Take Guitar Lessons Online
The times they are a-changin’
As with everything, music and live entertainment have been severely impacted by the global coronavirus pandemic.
The music industry is so linked with large audiences and live experiences, and when the seriousness of the outbreak became evident, the industry had to act quickly. A whole year of festivals, gigs and tours has been thrown into doubt as the world is at a standstill for the foreseeable future.
Let’s look at how the music industry has been affected by our new “normal” and what it’s doing to keep fans entertained while they practice self-isolation and social distancing.
Tuning in to the radio
People’s desire to stay informed is reflected by digital radio’s performance during the coronavirus outbreak. With so much cooking going on at home, and people desperate for news coverage of the current situation, it shouldn’t come as a surprise that radio stations are experiencing this kind of uplift.
Given the nature of the virus and how it spreads, live music, concerts, festivals, and large gatherings were some of the first events to officially be postponed and canceled following the pandemic. With all the cancellations and postponements, artists have had to think of creative ways to interact with their fans in the global down period. Many are streaming live concerts from their own homes and studios and sharing with their fans for free.
With concerts and festivals postponed at best (and canceled at worst), and streaming numbers down globally what’s being done to supplement artists that are potentially losing out on tour and streaming revenue? Bandcamp was one of the first companies to make a push to support artists by temporarily waiving its revenue share to the artist. The COVID-19 Music Relief Project by Spotify aims to supplement artists with important resources and financial support and information they will need should they experience a major loss in income due to coronavirus.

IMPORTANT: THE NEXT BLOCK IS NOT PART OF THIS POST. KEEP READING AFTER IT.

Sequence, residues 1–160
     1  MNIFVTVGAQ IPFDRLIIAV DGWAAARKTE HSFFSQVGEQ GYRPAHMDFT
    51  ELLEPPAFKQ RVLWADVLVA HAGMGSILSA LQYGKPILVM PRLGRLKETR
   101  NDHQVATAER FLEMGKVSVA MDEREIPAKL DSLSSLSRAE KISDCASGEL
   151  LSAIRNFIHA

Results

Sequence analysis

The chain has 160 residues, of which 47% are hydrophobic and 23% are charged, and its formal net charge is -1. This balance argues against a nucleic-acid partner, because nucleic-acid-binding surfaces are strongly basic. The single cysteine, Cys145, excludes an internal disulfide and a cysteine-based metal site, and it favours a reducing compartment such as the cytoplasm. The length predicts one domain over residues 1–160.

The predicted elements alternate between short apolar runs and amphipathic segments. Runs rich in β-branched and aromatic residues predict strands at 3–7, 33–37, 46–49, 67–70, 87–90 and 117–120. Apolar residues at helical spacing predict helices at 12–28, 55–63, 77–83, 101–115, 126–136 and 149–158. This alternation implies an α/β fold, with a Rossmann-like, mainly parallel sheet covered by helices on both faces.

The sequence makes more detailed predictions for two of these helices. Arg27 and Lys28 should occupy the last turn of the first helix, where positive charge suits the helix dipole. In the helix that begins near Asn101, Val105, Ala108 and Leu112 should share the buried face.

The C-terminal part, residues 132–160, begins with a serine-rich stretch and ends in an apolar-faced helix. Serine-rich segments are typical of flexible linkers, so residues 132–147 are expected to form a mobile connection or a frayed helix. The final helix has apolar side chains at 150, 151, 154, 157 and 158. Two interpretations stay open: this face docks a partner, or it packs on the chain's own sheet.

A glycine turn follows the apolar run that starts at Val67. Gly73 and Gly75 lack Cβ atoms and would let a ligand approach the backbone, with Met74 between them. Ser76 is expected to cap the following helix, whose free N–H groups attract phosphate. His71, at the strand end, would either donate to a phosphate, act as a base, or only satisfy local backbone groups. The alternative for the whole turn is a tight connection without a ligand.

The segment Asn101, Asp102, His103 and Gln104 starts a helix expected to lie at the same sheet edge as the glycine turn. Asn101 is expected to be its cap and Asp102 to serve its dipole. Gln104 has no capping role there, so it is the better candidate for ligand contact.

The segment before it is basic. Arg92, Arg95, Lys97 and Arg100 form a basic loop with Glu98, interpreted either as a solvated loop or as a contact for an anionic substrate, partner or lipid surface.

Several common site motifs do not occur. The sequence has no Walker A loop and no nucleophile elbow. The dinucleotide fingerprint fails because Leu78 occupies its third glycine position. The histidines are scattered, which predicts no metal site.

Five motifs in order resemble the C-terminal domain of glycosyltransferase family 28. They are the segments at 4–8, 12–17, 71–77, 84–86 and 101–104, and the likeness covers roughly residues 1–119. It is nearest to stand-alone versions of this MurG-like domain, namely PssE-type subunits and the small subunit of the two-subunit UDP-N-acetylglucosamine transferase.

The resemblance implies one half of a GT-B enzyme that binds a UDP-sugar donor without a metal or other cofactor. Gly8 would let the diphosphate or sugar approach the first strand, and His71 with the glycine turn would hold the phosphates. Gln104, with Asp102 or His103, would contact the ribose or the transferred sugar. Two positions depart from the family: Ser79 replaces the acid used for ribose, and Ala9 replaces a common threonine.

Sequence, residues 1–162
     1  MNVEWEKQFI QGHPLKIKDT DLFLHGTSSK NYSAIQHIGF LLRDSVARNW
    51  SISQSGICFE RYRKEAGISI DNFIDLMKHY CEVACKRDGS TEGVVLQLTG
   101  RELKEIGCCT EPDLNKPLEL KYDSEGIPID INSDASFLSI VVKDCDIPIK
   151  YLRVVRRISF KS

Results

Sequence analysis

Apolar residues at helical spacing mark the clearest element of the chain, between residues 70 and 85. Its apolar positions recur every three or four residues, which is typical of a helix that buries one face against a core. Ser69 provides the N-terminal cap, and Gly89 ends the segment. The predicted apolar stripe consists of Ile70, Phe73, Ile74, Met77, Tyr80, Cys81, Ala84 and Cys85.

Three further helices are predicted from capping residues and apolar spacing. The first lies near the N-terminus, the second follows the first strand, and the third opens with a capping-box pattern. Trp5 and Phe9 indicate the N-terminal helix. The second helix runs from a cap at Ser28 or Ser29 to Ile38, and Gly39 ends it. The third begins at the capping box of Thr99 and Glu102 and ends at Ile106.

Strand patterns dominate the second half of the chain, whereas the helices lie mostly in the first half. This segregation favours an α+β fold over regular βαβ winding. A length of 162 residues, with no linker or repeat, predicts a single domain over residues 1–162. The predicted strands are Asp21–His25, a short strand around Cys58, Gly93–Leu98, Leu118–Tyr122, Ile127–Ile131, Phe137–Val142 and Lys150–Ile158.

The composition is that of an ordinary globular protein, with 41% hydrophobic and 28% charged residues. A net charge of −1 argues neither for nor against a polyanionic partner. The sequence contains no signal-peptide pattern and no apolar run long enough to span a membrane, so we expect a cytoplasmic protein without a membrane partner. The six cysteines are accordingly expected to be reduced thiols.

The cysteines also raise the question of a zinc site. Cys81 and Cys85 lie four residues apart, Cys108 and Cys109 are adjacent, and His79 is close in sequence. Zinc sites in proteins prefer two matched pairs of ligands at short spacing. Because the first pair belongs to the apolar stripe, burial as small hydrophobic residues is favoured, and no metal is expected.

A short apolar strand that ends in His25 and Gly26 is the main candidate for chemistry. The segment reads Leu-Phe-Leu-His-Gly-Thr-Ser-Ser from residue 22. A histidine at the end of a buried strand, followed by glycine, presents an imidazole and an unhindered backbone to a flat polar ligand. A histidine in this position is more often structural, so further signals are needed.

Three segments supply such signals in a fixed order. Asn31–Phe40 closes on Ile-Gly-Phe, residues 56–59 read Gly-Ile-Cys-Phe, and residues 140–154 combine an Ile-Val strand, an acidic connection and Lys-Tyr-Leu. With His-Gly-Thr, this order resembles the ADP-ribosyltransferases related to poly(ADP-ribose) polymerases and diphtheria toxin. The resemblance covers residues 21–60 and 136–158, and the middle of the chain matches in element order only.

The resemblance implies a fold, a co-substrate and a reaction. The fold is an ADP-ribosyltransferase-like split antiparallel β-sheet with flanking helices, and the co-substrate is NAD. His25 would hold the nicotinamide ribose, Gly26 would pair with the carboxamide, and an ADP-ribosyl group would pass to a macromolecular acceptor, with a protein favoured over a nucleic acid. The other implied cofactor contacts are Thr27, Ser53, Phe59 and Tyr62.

Apple Music recently launched “Come Together” which will host a number of playlists, music videos, and Beats 1 Radio selections to help people get through the testing times. Apple is also giving its customers 90-days free access to both Final Cut and Logic Pro to encourage people interested in harnessing their creative powers during the outbreak to get editing and producing visual and audio content.
Many music teachers are keeping the momentum going by offering classes online. Many instructors, who would otherwise hold class in their studio, have found other ways to instruct their students so that the music doesn’t have to stop, or pause until this is over. They hold video conferencing with the student so that they can see their progress, guide them on new instructions, and critique how they are playing.
No one should have to put music on hold because the world is on hold. In fact, music makes the world go round and it is super important that we don’t forget this, and don’t stop it.